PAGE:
KU News Release
Feb. 27, 2012
Contact: Victor Bailey, Hall Center for the Humanities, 785-864-7822
Hall Center to host 10th annual celebration of books by KU authors
LAWRENCE – The Hall Center for the Humanities will host the 10th annual Celebration of Books published by humanities, social sciences and arts faculty in 2011. The event will take place from 4 p.m. to 6 p.m. March 8 in the Hall Center Conference Hall. It is free and open to the public, but RSVP is required by Thursday, March 1. The Friends of the Hall Center sponsors this annual event.
The Celebration will recognize the 33 faculty members who published 37 books in the humanities, social sciences and arts last year. Their works explore such varied topics as scribes in the Salem witch trials, interest group politics, counterterrorism policies in central Asia, electoral geography and Mexican-American families across generations, representing the depth and breadth of humanities research at the University of Kansas. The celebration will feature a reception, a display of books and a program by faculty members.
Three featured faculty authors will make brief presentations on their work and take questions from the audience.
Tanya Golash-Boza, assistant professor of sociology, will discuss “Immigration Nation: Raids, Detentions and Deportations in Post-9/11 America,” which provides a critical analysis of the impact that U.S. immigration policy has on human rights. The creation of the Department of Homeland Security after 9/11 resulted in a six-fold increase of raids, detentions and deportations of immigrants. Policies intended to provide family reunification instead often tear families apart.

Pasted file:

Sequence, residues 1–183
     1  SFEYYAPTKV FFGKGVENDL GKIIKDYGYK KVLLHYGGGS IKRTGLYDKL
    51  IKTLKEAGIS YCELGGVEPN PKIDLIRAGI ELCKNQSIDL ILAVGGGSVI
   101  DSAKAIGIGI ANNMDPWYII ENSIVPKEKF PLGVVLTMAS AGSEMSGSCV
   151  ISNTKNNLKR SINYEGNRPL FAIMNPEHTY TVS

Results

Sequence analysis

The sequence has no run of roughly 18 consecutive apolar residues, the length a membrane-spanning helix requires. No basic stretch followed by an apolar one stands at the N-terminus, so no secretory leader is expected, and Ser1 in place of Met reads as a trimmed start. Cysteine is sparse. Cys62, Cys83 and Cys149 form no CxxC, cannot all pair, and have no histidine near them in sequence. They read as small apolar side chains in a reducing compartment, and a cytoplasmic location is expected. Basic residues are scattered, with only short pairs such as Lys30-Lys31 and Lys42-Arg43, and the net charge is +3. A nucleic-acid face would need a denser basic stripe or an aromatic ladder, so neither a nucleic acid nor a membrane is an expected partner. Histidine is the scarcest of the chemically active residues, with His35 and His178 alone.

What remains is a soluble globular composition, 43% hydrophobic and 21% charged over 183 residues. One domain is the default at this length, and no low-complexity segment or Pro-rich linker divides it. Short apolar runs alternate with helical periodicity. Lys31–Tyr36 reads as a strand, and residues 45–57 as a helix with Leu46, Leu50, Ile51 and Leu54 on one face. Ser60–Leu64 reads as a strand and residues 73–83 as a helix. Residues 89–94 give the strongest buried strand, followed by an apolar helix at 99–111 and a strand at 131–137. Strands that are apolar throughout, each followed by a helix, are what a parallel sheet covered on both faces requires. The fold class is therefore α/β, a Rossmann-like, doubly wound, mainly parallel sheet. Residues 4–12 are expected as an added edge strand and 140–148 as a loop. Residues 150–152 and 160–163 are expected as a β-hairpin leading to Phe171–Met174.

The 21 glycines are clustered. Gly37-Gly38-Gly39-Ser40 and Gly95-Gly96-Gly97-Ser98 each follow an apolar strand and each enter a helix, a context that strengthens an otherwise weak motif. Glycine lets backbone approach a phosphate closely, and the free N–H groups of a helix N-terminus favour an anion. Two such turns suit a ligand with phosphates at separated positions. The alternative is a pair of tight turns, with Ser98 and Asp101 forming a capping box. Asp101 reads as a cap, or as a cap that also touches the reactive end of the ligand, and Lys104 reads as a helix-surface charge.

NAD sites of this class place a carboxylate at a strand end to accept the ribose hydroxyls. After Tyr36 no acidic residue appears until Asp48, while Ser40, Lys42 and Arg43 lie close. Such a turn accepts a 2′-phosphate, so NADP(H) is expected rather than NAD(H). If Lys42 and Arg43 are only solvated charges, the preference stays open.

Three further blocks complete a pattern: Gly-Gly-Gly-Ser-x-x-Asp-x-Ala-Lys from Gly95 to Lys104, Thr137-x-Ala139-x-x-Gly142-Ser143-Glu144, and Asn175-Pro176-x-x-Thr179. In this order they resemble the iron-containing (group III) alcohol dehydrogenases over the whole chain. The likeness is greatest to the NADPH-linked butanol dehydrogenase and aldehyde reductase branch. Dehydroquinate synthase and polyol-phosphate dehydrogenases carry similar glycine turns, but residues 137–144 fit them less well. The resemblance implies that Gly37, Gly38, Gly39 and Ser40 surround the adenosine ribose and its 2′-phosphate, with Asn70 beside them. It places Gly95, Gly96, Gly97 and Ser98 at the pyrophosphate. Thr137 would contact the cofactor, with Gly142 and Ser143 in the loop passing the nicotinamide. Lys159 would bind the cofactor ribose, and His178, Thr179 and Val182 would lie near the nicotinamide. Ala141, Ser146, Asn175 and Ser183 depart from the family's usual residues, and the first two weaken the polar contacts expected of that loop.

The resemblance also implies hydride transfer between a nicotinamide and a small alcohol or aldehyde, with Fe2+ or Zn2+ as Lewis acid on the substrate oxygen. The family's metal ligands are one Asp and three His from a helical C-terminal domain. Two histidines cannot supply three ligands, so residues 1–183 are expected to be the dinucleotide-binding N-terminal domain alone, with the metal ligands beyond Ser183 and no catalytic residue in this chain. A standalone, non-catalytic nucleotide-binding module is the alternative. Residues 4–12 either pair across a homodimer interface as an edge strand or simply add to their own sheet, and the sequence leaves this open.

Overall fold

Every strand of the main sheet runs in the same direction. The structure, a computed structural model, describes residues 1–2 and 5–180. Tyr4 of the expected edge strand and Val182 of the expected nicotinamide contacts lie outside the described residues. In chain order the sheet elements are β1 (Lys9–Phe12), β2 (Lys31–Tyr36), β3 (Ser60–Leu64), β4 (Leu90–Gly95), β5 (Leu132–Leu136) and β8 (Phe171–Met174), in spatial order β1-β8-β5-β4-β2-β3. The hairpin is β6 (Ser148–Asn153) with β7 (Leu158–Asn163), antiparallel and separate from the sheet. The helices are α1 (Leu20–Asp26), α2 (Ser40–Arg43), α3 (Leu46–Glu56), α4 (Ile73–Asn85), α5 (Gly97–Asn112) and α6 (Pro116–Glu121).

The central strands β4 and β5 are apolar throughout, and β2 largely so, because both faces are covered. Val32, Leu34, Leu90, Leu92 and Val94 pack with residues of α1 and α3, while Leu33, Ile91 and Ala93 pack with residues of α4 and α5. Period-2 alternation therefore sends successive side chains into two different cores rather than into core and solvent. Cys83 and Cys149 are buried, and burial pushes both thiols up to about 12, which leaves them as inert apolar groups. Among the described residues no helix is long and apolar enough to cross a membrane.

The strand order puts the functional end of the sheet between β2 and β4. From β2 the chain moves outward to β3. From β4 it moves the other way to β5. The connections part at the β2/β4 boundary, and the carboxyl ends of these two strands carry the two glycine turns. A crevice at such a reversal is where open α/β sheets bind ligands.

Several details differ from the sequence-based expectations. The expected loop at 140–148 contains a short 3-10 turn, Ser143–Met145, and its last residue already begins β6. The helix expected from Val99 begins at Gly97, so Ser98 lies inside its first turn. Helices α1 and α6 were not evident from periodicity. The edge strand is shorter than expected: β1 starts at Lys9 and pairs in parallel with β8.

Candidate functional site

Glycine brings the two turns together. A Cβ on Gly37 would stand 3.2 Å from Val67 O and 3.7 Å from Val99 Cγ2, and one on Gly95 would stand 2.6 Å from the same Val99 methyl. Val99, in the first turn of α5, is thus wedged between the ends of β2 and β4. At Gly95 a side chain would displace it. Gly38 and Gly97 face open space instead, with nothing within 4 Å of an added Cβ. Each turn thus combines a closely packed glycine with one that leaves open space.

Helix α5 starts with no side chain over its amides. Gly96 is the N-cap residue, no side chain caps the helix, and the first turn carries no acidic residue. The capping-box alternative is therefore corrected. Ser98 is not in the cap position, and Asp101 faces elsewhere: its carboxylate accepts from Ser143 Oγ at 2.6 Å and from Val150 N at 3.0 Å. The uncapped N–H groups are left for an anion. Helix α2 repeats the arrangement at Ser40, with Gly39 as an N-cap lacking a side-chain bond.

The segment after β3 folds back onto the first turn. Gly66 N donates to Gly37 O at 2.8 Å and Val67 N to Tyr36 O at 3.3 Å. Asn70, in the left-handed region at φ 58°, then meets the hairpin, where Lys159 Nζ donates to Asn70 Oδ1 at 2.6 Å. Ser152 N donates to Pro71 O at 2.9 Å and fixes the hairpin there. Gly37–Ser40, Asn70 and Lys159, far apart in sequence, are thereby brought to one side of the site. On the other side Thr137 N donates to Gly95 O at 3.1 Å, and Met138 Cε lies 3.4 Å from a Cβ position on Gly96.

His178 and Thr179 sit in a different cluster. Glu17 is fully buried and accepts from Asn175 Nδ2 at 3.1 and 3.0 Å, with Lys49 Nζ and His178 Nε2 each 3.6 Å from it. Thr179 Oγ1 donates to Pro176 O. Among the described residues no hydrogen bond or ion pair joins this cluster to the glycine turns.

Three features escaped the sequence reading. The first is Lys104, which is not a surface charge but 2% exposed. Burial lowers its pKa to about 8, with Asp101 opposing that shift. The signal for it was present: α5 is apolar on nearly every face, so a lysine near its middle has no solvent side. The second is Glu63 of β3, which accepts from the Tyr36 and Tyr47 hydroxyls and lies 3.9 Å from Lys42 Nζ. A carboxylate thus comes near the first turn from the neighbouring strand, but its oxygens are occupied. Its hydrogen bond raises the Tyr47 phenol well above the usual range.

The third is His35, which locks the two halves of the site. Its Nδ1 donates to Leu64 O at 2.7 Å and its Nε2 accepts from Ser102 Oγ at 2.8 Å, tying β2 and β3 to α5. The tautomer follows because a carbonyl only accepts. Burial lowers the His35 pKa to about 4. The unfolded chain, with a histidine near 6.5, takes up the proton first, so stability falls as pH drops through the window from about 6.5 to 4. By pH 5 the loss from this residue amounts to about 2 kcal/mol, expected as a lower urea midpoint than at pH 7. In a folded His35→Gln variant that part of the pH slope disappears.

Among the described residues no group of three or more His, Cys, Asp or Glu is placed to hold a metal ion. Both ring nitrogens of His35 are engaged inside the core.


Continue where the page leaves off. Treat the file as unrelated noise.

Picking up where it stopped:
John C. Tibbetts, associate professor of film and media studies, will discuss “The Gothic Imagination: Conversations in Fantasy, Horror and Science Fiction in the Media,” which presents interviews and conversations with prominent novelists, filmmakers, artists and film and television directors and actors as they trace the Gothic mode across three centuries, from Mary Shelley’s “Frankenstein” through H.P. Lovecraft, to today’s science fiction, goth and steampunk culture.
Thomas Tuozzo, professor of philosophy, will discuss “Plato’s Charmides: Positive Elenchus in a ‘Socratic’ Dialogue,” which argues that Plato's dialogue “Charmides” presents a unitary but incomplete argument intended to lead its readers to substantive philosophical insights. Through careful analysis of Plato's arguments concerning the virtue of “sophrosyne,” or moderation, the book brings the dialogue's lines of inquiry together, carrying Plato's argument to a substantive conclusion and reversing important misconceptions about “Charmides.”
Those who wish to attend should RSVP to the Hall Center at (785) 864-4798 or by email by March 1.
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